Gabe Fuentes is in for the ride of his life when he becomes Earth’s ambassador to the galaxy in this alien sci-fi adventure from the National Book Award–winning author of Goblin Secrets.
Gabe Fuentes is reading under the covers one summer night when he is interrupted by a creature who looks like a purple sock puppet. The sock puppet introduces himself as the Envoy and asks if Gabe wants to be Earth’s ambassador to the galaxy. What sane eleven-year-old could refuse?
Some ingenious tinkering with the washing machine sends Gabe’s “entangled” self out to the center of the galaxy. There he finds that Earth is in the path of a destructive alien force—and Gabe himself is the target of an assassination plot. Exactly who wants him out of the way? And why?
Back home, Gabe discovers that his undocumented immigrant parents are in danger of being deported. Can Gabe survive long enough to solve two sets of “alien” problems? He runs for his life, through Minneapolis and outer space, in this fast-paced adventure from a National Book Award–winning author.
“Physics lovers will enjoy this clever series opener—but so will those who enjoy comedy, politics, diplomacy or strange-looking aliens” (Kirkus Reviews, starred review).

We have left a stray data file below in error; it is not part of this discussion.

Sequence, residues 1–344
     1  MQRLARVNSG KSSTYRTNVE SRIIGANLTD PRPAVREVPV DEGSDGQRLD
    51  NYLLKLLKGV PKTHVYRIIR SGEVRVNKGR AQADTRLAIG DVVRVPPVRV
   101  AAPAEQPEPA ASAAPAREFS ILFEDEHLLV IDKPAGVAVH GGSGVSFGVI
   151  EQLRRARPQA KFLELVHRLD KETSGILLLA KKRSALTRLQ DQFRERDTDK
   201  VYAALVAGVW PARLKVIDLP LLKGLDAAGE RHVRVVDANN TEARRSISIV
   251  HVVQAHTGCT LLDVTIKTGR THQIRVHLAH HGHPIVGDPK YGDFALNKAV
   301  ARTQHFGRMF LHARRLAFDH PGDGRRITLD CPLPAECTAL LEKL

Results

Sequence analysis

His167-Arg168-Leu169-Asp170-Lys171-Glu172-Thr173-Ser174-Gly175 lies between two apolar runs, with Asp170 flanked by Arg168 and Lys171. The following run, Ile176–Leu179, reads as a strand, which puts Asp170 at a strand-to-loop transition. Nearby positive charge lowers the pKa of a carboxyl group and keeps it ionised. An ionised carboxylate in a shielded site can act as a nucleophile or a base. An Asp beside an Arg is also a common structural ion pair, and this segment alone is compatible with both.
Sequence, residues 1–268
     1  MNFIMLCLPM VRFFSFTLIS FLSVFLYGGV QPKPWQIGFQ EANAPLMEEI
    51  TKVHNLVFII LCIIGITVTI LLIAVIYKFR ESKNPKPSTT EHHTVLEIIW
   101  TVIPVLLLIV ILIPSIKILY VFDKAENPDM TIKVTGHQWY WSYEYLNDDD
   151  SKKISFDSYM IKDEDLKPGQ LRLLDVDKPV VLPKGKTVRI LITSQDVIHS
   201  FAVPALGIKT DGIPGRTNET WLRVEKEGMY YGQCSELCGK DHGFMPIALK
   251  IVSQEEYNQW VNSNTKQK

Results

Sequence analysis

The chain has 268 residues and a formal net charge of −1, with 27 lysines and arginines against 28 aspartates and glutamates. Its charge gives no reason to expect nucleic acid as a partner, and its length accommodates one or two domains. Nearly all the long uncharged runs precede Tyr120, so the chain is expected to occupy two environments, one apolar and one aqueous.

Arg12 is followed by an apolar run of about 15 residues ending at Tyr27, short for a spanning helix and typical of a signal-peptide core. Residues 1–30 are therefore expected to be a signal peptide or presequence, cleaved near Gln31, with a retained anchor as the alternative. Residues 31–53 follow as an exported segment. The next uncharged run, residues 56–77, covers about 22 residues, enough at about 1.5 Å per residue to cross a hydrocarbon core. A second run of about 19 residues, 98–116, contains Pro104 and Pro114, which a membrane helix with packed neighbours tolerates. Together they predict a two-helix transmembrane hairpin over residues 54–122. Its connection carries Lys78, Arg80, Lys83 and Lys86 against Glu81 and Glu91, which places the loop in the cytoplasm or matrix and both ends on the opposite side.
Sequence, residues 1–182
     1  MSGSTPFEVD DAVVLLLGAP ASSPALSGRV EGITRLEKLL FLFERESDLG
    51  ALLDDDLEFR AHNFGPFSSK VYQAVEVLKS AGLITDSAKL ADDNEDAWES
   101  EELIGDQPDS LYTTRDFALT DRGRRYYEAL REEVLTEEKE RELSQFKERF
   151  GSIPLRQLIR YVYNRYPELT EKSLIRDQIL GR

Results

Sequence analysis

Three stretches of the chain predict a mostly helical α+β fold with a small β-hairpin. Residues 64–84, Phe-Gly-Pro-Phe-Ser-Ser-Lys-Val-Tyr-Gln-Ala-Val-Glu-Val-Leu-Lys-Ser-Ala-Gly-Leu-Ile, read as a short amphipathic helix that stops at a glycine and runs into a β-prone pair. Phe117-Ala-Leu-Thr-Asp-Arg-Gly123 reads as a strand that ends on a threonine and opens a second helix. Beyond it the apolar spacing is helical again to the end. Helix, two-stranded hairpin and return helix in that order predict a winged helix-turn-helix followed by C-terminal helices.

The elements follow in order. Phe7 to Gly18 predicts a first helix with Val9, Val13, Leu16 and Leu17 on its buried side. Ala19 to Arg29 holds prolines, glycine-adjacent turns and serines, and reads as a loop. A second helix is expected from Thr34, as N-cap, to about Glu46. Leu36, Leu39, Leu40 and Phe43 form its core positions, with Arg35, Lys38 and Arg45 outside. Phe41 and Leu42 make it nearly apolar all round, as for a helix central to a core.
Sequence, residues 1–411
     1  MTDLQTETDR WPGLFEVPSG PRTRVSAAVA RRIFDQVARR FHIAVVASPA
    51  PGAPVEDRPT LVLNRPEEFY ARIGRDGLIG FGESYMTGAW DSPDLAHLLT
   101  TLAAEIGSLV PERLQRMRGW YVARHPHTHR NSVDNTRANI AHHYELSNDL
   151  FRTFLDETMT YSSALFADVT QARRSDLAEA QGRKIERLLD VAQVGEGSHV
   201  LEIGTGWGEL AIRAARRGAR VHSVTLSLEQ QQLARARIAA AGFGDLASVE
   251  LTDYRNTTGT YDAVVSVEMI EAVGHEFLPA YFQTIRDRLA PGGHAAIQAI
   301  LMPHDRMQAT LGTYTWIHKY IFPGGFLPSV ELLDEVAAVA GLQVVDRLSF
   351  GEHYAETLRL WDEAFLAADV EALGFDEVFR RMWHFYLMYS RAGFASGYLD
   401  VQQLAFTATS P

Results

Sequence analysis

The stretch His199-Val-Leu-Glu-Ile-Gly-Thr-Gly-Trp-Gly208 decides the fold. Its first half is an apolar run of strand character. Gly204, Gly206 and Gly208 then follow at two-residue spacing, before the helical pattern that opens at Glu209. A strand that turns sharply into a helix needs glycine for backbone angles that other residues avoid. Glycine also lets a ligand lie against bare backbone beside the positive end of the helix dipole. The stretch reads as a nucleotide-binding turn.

The Envoy doesn't exactly rank as charismatic megafauna. It's an amorphous purple blob who's been stuck on the moon for a few decades and is now on Earth and stalking Gabe Fuentes. Why? Earth needs an ambassador to "everyone else," and the Envoy believes Gabe is the perfect 11-year-old for the job, despite some reservations about his age: "The previous ambassador was younger." Gabe accepts the job with little ado, and the Envoy "entangles" him in a form of interstellar transport that manifests in Gabe's dreams. The alien-adventure part of National Book Award winner Alexander's (Goblin Secrets) first SF story is played for gentle humor: Gabe is a good observer and a willing scapegoat for friends and family alike when trouble brews, and diplomacy and ridiculousness are effective tests of those traits. Less lighthearted is the plight of Gabe's parents, who are undocumented immigrants aliens of an altogether different variety. The topical real-world plot sits uneasily with the galactic Dr. Who shenanigans in a story that feels too short to adequately address either. A sequel is planned. Ages 8 12.